According to the Pratyabhijna school of Saivism the whole universe is nothing but power, inherent in Siva, the universal consciousness, in various forms. By his free will he limits himself as the universe, soul, etc. Man bound by body, pleasure, etc. Cannot understand his real nature and attain liberation. In the Pratyabhijnahrdayam Ksemaraja gives various means like the blossoming or opening of samvid, the centre; meditation on ‘Sivatattva; etc. They help man to recognize his divinity, and his identity with God and the universe and attain liberation.
The Adyar Library and research centre was founded in 1886 by Henry Steel Olcott, first President of the Theosophical Society, for research in Eastern Civilization, Philosophy and Religion. Its aim is to promote understanding among the peoples of the world through knowledge of the higher aspects of their respective cultures.
The collections of the Library consist of about 18,000 manuscripts, containing about 45,000 printed volumes. The manuscripts are mostly from Indian and in Sanskrit. The printed books include old and rare Indological works and also a fine collection of books on the different religions and philosophies, in Sanskrit, English, and various other languages, eastern and western; and volumes of important Indological journals.
Brahmavidya, The Adyar Library Bulletin is being published annually since 1937, presenting papers and studies on religion, philosophy and various aspects of Sanskrit and other oriental literature as well as editions of ancient texts and translations.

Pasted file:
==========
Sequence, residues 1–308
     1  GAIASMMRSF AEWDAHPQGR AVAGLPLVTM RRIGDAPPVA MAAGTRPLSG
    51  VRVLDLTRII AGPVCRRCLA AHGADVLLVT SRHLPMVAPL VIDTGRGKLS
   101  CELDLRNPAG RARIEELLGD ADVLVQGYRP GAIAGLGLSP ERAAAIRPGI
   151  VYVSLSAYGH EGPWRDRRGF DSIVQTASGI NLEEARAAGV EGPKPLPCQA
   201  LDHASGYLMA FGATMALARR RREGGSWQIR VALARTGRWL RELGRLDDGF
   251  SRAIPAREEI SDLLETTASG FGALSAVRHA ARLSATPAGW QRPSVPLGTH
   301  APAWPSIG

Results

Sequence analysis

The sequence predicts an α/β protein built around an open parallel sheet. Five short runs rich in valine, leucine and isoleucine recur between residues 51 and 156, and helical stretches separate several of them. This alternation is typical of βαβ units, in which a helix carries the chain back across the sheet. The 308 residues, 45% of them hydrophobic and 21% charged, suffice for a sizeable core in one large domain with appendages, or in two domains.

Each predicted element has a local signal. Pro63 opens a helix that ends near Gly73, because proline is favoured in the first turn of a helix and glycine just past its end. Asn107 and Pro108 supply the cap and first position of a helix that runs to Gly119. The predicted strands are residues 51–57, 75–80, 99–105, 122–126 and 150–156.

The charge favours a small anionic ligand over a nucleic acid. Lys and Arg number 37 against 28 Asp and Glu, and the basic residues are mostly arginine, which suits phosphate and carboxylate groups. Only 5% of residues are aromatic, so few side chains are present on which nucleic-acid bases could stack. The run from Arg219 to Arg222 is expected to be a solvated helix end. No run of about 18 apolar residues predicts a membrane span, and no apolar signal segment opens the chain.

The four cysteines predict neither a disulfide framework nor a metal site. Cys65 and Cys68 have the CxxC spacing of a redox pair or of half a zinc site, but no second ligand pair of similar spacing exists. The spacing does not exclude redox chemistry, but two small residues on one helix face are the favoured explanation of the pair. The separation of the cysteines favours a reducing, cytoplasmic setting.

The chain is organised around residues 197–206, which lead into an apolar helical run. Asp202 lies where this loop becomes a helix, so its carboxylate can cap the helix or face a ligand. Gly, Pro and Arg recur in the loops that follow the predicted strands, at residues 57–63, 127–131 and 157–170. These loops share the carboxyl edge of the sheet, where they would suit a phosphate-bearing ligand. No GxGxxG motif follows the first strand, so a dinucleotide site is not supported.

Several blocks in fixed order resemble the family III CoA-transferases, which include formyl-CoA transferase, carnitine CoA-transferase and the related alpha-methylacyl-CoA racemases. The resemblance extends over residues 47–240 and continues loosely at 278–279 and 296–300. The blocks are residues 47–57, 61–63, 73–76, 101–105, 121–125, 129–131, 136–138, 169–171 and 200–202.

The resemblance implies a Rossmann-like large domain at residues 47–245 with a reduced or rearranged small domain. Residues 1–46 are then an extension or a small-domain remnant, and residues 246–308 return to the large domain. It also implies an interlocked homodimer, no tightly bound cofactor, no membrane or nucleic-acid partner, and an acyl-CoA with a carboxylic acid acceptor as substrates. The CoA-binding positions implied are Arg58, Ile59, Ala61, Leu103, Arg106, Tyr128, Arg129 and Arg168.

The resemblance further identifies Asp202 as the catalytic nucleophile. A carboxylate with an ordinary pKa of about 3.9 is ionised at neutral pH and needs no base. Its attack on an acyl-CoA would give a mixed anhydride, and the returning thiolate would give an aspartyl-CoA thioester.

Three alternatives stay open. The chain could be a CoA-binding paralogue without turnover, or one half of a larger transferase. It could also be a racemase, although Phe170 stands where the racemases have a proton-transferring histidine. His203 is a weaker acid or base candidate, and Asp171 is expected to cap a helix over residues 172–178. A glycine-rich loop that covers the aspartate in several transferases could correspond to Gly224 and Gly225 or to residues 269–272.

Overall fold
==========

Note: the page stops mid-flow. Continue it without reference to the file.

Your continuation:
The present authorized translation of the Prathyabhijnahrdayam with notes by Dr. Kurt F. Leidecker, M.A., Ph.D., is based upon the translation of the work in German by Dr. Emil Baer, Ph.D.
Going through the typescript sent by Dr. Leidecker, (for the extremely neat and beautiful way in which it had been prepared for the Press, one could not feel sufficiently grateful), I noticed that he had given only the English translation of each sultra and not the original Samskrt text also. It occurred to me that the public may be served better if the original text of each sutra was given along with its English translation; and I wrote to Mr. Leidecker enquiring if he was agreeable to the suggestion and offering, if he was agreeable, to undertake the work of incorporating the original Samskrt text. He agreed enthusiastically stating that “it will materially enhance the usefulness and appeal of the volume.” Thus it is that the Samskrt text of each sutra is now seen in this work alongside of its English translation.